Yearlong Audition: Rex Kennedy | Dance

Rex Kennedy recently applied to be part of a dance company based in New York, which would require him to take some time off school if he was accepted. Photo by Amber-Lynn Taber
Rex Kennedy recently applied to be part of a dance company based in New York, which would require him to take some time off school if he was accepted. Photo by Amber-Lynn Taber

Rex Kennedy came to VCU as a talented and practicing dancer from Colorado. Since then, he has made a mark in the VCU dance department, even if his mark is, according to him, being the “crazy kid.”

“I really enjoy it here because I’ve been, like, the crazy one all year, trying to open people up and let them know that they can be weird and that they just don’t have to stick to their technique classes,” he said. “It’s okay to go out there and make bold decisions and usually it’s going to work out.”

Kennedy has based his dance vocabulary in different forms of dancing, like the gaga method he learned his first year at the American Dance Festival, two years ago at Duke University.

“I have my gaga background as a base for my movement vocabulary. I also have this crazy performance art side, and I’m really trying to blend those. I think that it’s not something people are comfortable to do in the dance department,” Kennedy said.

Kennedy came to VCU with a background in performance, having danced at ADF for the past two summers. Despite his experience, Kennedy said he is still looking to learn and grow as a dancer, which he feels like he has achieved over the past year.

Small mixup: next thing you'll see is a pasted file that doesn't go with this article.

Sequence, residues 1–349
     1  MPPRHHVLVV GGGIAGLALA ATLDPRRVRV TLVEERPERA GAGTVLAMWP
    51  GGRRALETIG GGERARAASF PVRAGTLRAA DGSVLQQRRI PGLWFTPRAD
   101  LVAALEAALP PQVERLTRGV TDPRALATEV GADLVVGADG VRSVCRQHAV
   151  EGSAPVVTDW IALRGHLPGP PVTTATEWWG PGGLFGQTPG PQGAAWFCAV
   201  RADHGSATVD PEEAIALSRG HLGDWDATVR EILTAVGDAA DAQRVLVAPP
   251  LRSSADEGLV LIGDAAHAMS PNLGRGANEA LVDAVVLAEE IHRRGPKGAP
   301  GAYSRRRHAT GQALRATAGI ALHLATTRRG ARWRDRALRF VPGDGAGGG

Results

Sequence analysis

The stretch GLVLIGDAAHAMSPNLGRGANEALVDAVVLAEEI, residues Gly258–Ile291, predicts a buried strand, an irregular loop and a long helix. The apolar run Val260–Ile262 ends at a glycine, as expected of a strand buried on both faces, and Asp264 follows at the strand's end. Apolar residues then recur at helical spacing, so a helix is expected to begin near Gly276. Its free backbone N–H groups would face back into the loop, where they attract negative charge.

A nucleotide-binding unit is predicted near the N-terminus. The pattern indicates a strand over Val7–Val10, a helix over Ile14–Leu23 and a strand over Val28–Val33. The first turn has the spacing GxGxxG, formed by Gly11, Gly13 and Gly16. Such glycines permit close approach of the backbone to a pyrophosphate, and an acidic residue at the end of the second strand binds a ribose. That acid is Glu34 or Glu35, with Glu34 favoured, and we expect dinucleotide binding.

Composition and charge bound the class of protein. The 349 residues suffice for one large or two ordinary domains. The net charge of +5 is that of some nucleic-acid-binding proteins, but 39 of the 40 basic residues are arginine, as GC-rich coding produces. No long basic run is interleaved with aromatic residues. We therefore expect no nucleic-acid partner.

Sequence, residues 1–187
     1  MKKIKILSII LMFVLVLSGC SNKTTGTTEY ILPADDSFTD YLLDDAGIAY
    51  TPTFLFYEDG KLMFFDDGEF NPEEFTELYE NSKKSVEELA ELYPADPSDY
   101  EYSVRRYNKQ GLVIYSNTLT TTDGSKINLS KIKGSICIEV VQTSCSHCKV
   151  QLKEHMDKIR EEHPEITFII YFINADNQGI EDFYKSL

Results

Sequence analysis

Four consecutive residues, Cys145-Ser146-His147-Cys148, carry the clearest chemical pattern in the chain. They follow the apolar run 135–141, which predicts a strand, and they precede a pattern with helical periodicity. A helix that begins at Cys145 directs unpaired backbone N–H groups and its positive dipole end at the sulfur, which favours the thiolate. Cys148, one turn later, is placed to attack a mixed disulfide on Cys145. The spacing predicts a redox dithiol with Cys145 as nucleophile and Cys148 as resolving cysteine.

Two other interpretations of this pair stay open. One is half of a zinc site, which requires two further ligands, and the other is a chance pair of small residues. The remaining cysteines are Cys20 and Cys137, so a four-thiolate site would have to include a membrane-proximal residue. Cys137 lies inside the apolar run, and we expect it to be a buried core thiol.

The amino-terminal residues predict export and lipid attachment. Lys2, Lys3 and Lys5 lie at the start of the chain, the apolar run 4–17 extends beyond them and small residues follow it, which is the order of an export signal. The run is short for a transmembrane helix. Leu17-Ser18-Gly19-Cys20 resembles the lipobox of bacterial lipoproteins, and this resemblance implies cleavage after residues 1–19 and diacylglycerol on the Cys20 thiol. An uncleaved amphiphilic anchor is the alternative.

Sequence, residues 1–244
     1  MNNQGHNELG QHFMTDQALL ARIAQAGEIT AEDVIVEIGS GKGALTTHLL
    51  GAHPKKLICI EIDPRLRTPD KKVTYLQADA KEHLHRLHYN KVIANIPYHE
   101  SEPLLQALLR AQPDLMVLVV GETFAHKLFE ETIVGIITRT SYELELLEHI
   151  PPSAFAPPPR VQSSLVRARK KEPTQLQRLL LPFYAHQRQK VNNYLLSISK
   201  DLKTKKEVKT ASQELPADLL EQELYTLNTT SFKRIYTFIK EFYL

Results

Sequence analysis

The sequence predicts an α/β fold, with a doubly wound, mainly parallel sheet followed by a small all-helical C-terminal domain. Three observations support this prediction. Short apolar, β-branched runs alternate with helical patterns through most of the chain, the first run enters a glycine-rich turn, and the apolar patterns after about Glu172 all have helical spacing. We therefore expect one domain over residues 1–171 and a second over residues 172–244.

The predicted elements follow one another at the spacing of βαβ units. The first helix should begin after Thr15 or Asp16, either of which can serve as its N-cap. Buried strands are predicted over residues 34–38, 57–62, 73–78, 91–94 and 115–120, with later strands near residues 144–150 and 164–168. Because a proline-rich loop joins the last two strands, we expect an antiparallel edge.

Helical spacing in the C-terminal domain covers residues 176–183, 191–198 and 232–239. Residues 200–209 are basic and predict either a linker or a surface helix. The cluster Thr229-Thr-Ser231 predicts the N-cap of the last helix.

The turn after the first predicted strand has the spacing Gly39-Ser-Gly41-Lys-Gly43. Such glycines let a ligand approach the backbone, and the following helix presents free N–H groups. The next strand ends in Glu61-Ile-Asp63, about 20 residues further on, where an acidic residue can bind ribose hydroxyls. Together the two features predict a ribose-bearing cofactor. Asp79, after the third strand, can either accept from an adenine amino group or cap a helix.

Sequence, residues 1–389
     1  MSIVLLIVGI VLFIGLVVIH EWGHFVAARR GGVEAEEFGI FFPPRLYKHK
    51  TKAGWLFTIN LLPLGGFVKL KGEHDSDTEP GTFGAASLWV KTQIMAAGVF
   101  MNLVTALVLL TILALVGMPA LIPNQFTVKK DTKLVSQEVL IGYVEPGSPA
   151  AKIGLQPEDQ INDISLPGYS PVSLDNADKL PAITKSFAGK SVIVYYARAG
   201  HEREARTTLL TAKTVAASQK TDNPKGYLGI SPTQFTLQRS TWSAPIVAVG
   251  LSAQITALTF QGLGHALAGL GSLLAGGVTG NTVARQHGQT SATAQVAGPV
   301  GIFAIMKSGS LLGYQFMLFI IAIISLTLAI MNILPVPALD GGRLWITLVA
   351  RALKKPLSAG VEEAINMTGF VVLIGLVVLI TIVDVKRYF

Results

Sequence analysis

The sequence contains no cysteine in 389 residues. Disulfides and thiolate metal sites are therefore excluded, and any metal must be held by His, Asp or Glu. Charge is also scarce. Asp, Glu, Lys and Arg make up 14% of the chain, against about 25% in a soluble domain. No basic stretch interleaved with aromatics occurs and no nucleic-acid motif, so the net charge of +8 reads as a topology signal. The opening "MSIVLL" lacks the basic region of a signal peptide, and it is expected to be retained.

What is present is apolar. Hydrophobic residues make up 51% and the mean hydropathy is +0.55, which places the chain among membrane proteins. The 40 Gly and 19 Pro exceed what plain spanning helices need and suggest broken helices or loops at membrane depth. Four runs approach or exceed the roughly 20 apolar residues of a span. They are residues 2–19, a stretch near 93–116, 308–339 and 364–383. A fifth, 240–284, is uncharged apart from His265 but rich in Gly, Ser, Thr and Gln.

“I was expecting to get thrown into it, especially in dance, (to) be smarter and educated and be really cognizant of what is going on and what I need to do to be a smart performer or choreographer,” Kennedy said. “There’s definitely been a learning curve because I’ve already had a lot of pre-professional experiences.”

Despite his differences from the other students in his classes, Kennedy said he believes that the freshman class in the VCU dance department has grown together as a supportive family.

“I really enjoy my influence over my freshman class. It’s awesome having them around,” he said. “We have a really nice, supportive group, which I think is hard to find in the dance department, just a whole solid class being united.”

With the support Kennedy found from his fellow dance majors, he has found new confidence in himself as a dancer. Even though Kennedy does not have an interest in becoming the perfect dancer, he does think that he has learned how to work with his own body and movement vocabulary, or the basics of his dancing, more effectively this year.

“I’m really not interested in reforming myself into this perfect dancer that can go into every technique class and be awesome. That’s never been my main priority,” he said. “It’s always been really important to me to stay true to myself in class, learn how to work with myself and my body and knowing what makes me different from everyone else.”

In the future, Kennedy hopes to continue to choreograph new works and show his pieces to a wider audience than just his classes and the dance department. Performances put on by the dance department often cost money, so Kennedy hopes to provide free performances to show other students in the university that the dance department works hard to create new movements.

“I need to make work that I am proud of and want to see on stage, or whatever the venue might be, or if it’s just in class,” Kennedy said. “Just stick to my vision and keep developing my skills that will really help me be successful.”

Kennedy recently auditioned for a dance job in New York City with the Lee Saar Dance Company. If he is offered a job, Kennedy plans to accept and leave the dance department at VCU.

“They’re definitely making really good work and they’re a really important thing to have in the dance scene,” Kennedy said. “I just really want to be a part of that.”

Samantha Foster

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